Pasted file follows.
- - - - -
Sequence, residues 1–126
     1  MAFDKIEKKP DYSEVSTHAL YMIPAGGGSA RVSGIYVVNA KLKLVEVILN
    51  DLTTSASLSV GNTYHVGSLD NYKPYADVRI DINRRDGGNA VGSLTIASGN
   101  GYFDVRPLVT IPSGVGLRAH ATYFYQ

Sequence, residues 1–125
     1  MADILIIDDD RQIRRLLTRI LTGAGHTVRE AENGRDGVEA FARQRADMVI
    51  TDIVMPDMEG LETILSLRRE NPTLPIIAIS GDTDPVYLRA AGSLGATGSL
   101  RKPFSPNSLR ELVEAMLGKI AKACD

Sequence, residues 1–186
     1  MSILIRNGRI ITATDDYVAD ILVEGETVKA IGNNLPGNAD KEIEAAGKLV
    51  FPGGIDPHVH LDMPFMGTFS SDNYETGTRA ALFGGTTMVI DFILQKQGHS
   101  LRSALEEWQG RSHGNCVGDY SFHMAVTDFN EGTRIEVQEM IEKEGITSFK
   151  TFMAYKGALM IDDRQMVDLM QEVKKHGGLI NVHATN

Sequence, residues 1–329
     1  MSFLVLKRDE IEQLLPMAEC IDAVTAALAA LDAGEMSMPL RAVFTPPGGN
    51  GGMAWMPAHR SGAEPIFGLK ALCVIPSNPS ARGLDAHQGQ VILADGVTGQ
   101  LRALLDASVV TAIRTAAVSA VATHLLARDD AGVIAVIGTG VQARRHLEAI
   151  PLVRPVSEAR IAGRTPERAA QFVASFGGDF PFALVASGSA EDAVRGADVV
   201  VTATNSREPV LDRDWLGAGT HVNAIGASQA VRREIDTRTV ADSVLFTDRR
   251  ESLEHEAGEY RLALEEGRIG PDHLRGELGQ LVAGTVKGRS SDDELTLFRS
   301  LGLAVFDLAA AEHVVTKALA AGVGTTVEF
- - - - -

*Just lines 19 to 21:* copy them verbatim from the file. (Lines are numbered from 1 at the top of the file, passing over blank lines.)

   201  VTATNSREPV LDRDWLGAGT HVNAIGASQA VRREIDTRTV ADSVLFTDRR
   251  ESLEHEAGEY RLALEEGRIG PDHLRGELGQ LVAGTVKGRS SDDELTLFRS
   301  LGLAVFDLAA AEHVVTKALA AGVGTTVEF